MANILA – The Intellectual Property Office of the Philippines (IPOPHL) launched on Thursday the Juan for the World (JFTW) Program, a Department of Trade and Industry (DTI) and private-sector backed initiative that will enable 100 micro, small and medium enterprises (MSMEs) to protect their trademarks and be competitive in global markets.
“We hope to make them realize the opportunities in the global markets and how early protection of trademarks can help them grow their business with ease,” IPOPHL Director General Rowel Barba said at the launch of the program.
From 2012 –when the Philippines acceded to the Madrid Protocol– to 2020, IPOPHL recorded some 399 resident registrations under the international filing system. Of this, only 154 or 39 percent are small entities.
“This low rate is attributable to the lack of financing and know-how on the international trademark application process. Our newest Juan for the World Program will take down all these barriers,” Barba said.
Through the program, IPOPHL aims to assist 100 MSMEs to achieve successful registrations under the Madrid Protocol by end-2024.
Global trademark incentive package
Bureau of Trademark (BOT) director Jesus Antonio Ros said IPOPHL will provide assistance throughout the registration process of a JFTW beneficiary and waive the PHP2,618 handling fee.
Meanwhile, private sector partners will cover at least the basic fee –about PHP49,627 for a colored mark and about PHP35,888 for a black and white mark.
However, MSMEs approved for the program must be willing to shoulder the additional expenses in the registration such as the supplementary fee (about PHP5,496); complementary fee (PHP5,496); individual fee (ranging from PHP13,000 to PHP30,000 depending on country of choice); and/or costs to hire trademark agents usually required by laws for foreign filings in case of objections.
“This program provides big savings for MSMEs who are burdened by the overall Madrid Protocol registration fees but would like to protect their marks internationally. We hear stories of local MSME brands being copied in other countries and they feel defeated. With this program, we can protect Filipino brands in several major markets in the world,” Ros said.
Aside from international trademark registration, he said the JFTW Program, through private and public sector partners, will provide beneficiaries with financial and technical business assistance, such as in marketing and management, among others.
“This makes JFTW the ultimate trademark incentive package to promote Philippine MSMEs’ global expansion,” he added.
IPOPHL formalized its tie-up with initial partners for the program –its mother agency, the Department of Trade and Industry, the Philippine Franchise Association (PFA) and the Philippine Retailers Association (PRA)– through the signing of separate memorandum of agreements (MOAs) on Thursday.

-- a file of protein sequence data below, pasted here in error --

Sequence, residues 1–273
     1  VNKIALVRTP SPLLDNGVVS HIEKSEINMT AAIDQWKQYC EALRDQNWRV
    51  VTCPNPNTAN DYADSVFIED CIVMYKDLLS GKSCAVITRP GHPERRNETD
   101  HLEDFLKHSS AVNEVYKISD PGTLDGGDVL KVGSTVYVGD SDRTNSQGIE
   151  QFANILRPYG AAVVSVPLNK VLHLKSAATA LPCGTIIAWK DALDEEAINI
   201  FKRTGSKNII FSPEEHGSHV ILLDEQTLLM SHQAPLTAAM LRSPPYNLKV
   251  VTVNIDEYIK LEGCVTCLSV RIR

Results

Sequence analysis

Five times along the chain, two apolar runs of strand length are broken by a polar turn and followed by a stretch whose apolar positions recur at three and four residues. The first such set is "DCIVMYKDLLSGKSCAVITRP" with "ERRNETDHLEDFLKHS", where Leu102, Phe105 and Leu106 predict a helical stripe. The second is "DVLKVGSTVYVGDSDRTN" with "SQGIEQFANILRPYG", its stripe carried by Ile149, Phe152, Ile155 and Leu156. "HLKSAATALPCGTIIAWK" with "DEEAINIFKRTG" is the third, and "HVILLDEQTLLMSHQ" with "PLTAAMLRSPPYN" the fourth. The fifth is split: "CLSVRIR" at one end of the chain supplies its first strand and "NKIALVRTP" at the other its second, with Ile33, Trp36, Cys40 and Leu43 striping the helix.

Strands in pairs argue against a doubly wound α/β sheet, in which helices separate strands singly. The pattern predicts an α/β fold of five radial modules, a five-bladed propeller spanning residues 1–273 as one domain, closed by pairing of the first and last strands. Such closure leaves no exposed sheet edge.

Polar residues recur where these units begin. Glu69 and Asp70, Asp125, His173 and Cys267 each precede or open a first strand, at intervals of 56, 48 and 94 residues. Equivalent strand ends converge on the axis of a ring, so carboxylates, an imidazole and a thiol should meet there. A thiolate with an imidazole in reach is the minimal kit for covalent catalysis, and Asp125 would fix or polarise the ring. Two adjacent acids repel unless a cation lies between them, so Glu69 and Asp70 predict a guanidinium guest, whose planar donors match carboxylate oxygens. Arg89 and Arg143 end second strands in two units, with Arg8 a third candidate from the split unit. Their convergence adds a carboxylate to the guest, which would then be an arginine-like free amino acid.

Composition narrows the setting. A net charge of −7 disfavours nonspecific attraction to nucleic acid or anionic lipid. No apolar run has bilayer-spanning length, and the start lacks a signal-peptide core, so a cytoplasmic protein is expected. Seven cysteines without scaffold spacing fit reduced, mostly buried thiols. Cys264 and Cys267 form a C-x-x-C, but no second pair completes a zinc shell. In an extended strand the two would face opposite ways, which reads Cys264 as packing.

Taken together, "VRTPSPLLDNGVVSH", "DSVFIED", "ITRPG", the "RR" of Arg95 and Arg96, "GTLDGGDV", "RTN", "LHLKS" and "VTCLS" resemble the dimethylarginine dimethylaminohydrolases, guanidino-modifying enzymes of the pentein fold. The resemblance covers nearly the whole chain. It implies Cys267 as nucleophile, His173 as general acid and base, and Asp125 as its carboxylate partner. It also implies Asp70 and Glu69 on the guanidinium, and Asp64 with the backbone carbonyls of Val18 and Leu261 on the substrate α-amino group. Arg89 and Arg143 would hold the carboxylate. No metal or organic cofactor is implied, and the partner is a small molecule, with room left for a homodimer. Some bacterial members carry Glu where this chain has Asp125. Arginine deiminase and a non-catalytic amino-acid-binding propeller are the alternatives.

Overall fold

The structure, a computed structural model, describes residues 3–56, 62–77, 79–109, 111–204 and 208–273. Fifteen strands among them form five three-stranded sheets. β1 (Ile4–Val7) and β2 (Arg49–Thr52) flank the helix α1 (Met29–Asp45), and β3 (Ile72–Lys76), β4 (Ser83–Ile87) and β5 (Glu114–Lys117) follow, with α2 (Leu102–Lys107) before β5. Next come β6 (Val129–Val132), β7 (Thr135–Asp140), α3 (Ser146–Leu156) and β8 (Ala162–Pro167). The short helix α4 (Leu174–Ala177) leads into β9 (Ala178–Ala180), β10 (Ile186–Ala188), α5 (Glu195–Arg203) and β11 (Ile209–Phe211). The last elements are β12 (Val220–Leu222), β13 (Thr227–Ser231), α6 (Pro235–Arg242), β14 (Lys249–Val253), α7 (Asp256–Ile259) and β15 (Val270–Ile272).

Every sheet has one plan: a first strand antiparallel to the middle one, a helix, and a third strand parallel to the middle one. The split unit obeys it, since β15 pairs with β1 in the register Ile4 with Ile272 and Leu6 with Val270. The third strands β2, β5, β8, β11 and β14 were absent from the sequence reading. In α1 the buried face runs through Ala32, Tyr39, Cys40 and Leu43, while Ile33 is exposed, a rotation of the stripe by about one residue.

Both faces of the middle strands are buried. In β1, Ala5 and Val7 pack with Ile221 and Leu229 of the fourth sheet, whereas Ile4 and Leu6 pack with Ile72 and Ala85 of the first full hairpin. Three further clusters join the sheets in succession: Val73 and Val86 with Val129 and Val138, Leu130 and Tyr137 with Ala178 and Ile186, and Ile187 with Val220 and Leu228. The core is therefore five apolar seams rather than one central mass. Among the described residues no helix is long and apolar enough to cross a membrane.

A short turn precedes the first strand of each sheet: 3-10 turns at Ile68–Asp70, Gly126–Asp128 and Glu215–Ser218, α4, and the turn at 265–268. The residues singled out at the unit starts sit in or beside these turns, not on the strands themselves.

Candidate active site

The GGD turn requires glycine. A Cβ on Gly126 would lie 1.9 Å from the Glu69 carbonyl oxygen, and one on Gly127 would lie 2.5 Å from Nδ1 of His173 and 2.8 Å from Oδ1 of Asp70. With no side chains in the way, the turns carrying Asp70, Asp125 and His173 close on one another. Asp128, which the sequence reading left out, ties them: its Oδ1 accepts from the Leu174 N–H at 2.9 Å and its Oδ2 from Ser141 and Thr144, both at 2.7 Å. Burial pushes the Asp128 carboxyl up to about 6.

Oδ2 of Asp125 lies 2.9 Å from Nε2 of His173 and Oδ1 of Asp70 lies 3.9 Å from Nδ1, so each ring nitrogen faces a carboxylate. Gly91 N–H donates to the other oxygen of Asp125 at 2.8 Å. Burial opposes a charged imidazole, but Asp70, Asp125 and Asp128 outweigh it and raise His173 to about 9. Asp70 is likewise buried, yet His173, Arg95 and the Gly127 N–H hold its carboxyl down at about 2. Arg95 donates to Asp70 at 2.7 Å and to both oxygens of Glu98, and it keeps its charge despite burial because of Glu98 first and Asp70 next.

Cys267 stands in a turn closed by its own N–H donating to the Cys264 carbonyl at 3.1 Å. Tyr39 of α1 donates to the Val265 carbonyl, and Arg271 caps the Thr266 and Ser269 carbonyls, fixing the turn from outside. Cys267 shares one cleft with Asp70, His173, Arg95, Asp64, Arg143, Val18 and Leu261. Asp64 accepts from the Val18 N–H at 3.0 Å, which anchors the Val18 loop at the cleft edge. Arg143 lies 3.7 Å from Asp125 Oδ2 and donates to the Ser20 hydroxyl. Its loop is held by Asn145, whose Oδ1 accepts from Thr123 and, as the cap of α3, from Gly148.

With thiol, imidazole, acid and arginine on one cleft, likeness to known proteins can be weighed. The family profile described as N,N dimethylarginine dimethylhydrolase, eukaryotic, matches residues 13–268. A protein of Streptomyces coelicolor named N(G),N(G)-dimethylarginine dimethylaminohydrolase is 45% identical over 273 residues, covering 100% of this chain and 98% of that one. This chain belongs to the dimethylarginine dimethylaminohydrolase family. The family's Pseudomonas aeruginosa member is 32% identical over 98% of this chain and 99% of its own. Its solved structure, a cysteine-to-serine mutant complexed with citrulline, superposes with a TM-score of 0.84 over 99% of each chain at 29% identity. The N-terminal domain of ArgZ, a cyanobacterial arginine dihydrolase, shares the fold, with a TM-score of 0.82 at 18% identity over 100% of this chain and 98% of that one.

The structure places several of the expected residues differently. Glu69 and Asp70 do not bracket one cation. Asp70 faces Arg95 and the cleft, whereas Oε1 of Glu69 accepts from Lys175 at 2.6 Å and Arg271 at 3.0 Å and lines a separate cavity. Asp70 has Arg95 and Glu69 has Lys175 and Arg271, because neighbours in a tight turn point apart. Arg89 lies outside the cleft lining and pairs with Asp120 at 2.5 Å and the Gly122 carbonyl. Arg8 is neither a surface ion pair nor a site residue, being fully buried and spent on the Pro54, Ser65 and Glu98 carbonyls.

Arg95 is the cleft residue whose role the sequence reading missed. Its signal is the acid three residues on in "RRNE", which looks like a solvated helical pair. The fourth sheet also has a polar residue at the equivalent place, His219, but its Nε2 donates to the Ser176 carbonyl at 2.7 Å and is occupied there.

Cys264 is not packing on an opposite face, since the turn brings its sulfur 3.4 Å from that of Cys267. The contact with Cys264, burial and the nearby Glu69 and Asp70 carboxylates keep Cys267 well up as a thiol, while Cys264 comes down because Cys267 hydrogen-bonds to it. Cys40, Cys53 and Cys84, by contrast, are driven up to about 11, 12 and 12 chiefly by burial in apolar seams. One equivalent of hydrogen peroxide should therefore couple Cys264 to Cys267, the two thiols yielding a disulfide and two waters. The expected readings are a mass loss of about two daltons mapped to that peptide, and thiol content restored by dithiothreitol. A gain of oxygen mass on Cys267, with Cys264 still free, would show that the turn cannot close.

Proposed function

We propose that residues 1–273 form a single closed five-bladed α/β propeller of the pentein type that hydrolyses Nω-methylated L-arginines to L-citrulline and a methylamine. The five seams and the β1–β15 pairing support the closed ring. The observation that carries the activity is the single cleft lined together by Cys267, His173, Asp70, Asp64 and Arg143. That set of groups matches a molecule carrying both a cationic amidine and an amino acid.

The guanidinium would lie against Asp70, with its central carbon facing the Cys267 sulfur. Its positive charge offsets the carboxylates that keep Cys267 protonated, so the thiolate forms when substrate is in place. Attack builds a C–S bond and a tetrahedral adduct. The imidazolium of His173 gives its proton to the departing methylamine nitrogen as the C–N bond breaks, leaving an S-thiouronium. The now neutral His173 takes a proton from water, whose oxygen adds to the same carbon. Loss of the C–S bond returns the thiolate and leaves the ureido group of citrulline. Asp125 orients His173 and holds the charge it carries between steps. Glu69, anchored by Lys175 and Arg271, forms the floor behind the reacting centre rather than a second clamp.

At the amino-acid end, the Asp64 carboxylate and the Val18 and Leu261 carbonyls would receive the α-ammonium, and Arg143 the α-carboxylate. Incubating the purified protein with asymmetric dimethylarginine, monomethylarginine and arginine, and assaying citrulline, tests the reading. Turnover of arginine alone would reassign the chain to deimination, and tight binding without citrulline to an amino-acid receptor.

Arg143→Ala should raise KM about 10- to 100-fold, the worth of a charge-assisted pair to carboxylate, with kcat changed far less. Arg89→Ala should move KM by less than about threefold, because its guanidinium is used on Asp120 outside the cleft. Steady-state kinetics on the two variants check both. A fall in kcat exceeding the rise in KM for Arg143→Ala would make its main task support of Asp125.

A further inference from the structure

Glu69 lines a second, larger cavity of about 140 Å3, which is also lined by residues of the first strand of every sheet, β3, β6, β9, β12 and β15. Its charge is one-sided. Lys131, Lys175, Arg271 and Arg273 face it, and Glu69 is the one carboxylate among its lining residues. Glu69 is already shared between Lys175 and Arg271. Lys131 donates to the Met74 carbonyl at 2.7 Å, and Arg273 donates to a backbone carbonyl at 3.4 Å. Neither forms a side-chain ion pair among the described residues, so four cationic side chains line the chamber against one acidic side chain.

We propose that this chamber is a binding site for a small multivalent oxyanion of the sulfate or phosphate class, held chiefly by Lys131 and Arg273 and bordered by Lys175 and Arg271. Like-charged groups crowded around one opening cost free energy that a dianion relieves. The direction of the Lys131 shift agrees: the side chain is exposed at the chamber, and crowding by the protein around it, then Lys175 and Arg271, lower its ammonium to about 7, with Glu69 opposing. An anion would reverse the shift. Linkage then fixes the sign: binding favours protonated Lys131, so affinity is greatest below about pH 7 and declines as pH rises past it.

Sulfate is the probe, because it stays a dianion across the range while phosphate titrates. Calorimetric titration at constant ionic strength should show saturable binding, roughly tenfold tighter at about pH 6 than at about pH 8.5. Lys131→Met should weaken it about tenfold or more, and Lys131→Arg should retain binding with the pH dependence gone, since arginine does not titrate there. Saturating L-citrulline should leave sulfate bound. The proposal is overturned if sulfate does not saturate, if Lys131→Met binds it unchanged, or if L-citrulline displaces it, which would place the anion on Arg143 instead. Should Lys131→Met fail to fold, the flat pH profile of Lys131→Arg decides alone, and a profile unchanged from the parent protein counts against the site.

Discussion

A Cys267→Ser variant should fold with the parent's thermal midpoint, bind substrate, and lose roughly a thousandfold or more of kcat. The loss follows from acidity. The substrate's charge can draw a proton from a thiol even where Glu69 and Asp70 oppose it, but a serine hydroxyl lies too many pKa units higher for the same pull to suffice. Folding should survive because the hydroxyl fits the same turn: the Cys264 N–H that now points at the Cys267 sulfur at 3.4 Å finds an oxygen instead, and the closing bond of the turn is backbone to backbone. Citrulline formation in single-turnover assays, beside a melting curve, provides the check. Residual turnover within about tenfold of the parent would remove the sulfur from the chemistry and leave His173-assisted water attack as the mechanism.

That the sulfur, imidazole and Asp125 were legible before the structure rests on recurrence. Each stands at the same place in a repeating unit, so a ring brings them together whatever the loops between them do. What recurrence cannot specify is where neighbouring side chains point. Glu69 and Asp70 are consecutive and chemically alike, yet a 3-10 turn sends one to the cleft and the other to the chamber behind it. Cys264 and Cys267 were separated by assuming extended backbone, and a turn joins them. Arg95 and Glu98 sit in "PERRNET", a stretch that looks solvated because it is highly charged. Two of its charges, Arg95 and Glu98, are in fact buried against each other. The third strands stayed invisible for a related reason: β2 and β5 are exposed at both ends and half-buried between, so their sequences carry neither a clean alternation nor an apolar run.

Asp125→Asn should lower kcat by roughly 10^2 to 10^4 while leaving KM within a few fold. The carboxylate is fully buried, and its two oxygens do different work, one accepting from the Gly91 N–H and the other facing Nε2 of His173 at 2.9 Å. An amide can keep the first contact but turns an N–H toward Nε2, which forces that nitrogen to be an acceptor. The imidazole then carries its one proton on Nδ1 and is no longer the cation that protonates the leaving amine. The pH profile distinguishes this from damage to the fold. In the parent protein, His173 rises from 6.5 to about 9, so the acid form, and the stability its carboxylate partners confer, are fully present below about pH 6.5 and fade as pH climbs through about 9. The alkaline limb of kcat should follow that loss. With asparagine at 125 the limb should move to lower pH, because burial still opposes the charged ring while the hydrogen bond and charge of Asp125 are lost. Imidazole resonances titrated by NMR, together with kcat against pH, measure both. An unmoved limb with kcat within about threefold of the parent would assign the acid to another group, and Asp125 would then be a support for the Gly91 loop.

Under the MOAs, IPOPHL will support partners in enhancing their capacity to protect and manage their stakeholders’ or members’ IP rights through enforcement training and advisory assistance.
Meanwhile, the DTI commits to review and endorse MSMEs eligible to the program.
The PFA and any PRA member shall sponsor at least the basic fee for the application under the Madrid Protocol.
Both the DTI and industry partners commit to assist IPOPHL in promoting the use of IP as “valuable business assets.”
Specifically, they commit to promote both the “Juana Make a Mark” and the newest “Juan for the World” in encouraging eligible MSMEs to register their trademarks.
“Through their intellectual properties, MSMEs can also add a higher value to their company. The company’s innovation and growth, in turn, can potentially become massive generators in higher-income jobs,” DTI Secretary Ramon Lopez said.
PRA chairman Paul Santos echoed this, saying trademarks are “a trust seal” to distinguish businesses with high quality products and services.
“Trademarks do not only protect your brand but also foster creativity, innovation and enhance healthy competition… We hope the JFTW program will inspire more Philippine retailers and businesses to register their IPs so we can continue progressing and innovating our products, brands and industries,” Santos said.
PFA president Sherill Quintana lauded the program saying “this initiative makes (international registration) more affordable and much easier than what we were doing in the past.”
Quintana said their company, Orsypa Spa Solutions, Inc., had incurred PHP200,000 for a single mark as businesses would have to file on their own in each country of preference.
The Madrid Protocol is the international trademark filing system created by the Madrid Union, currently enforced by 109 member-countries.
It allows a single, low-cost application for trademark registration in any or all 125 countries which together represent over 80 percent of global trade. (PNA)